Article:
Hard, withdrawn city cop Jim Wilson roughs up one too many suspects and is sent upstate to help investigate the murder of a young girl in the winter countryside. There he meets Mary Malden,... See full summary »
Over-the-hill boxer Bill 'Stoker' Thompson insists he can still win, though his sexy wife Julie pleads with him to quit. But his manager Tiny is so confident he will lose, he takes money ... See full summary »
Charley Davis wins an amateur boxing match and is taken on by promoter Quinn. Charley's mother doesn't want him to fight, but when Charley's father is accidentally killed, Charley sets up a... See full summary »
Jean Simmons (a school teacher) takes a secretarial job in a nightclub. The two club owners quibble about a lot, including her. Unfortunately, she develops an interest for the partner who disapproves of her employment at the club.
Dave Burke is looking to hire two men to assist him in a bank raid: Earle Slater, a white ex-convict, and Johnny Ingram, a black gambler. Both are reluctant; but Burke arranges for Ingram's creditors to put pressure on him, while Slater feels humiliated by his failure to provide for his girlfriend; they eventually accept. But Slater loathes and despises blacks, and the tensions in the gang rapidly mount. Written by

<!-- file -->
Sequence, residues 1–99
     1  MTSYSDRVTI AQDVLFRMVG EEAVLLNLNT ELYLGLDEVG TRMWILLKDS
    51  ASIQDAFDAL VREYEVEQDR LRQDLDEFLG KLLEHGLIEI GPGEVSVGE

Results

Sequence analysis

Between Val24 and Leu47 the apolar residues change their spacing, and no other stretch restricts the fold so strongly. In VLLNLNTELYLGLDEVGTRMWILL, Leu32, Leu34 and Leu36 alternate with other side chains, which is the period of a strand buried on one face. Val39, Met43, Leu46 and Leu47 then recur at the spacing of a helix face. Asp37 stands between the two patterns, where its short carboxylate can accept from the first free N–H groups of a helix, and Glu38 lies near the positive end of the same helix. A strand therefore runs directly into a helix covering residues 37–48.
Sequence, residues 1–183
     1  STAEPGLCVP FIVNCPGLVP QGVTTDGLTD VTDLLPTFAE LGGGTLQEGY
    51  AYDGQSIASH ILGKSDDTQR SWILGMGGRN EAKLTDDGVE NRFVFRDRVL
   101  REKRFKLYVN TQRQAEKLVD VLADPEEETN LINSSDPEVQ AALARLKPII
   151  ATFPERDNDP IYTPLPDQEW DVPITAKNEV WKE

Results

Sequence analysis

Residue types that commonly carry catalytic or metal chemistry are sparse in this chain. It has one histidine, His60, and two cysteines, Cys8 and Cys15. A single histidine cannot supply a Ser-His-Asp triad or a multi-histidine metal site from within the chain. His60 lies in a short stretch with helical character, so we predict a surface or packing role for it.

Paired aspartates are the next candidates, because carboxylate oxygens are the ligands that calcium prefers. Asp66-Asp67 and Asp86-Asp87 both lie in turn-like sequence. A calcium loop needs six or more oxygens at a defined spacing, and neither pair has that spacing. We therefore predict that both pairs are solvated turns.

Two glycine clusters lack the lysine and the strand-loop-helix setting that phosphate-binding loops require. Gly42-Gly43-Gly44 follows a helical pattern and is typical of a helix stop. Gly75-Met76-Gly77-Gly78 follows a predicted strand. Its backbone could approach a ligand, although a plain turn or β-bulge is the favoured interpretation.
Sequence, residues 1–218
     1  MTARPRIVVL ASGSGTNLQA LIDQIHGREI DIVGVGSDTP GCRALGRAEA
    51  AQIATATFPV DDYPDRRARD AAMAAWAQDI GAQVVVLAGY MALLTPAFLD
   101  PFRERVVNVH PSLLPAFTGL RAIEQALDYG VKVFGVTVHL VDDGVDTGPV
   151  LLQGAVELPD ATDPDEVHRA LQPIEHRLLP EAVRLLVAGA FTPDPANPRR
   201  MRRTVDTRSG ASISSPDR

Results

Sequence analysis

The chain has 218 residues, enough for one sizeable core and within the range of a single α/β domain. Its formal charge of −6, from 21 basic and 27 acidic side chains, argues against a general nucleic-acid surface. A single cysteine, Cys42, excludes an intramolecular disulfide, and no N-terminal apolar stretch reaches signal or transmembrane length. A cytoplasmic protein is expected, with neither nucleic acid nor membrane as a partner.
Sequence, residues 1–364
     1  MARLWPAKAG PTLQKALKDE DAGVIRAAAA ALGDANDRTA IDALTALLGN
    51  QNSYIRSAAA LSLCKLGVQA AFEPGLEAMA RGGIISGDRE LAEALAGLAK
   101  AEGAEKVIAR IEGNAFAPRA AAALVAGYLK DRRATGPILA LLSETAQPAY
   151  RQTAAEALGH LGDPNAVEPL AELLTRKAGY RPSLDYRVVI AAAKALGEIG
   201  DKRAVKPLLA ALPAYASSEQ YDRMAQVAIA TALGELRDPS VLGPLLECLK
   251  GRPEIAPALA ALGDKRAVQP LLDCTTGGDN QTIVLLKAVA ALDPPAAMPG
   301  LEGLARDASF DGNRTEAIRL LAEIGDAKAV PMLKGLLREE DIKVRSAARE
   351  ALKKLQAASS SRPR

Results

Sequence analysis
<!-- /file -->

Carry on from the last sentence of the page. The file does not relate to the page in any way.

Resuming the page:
David Levene <D.S.Levene@durham.ac.uk>
The score was written by The Modern Jazz Quartet's pianist, John Lewis. One of the cues, the self-explanatory "Skating in Central Park," became a regular part of the MJQ's repertoire, and was also reused for a similar scene in "Little Murders" (1971). See more »
Early in the film when Johnny gives Burke a ride downtown he parks directly behind a 1958 Chevrolet. In the next shot with Burke now out of Johnny's car, the parked car in front is now a 1959 Chevrolet. See more »
Good low budget heist film. Ryan's character is one of the ugliest portrayals of a white racist in film. Belafonte's character is one of the most multi-faceted and complex potrayals of an African American up until that time, and the performance doesn't date at all. Wise keeps the pacing taut and the suspense high. There's great black and white location shooting in New York City and upstate in Hudson, New York. Other things of interest: it's written by black-listed Abraham Polonsky under a pseudonym (check out his great "Force of Evil"); Cicely Tyson appears in a bit part; Richard Bright portrays a pretty overt homosexual for the time; early use of a zoom lens and infrared photography; edited by Dede Allen; some interiors shot at the old Gold Medal Studios in the Bronx.
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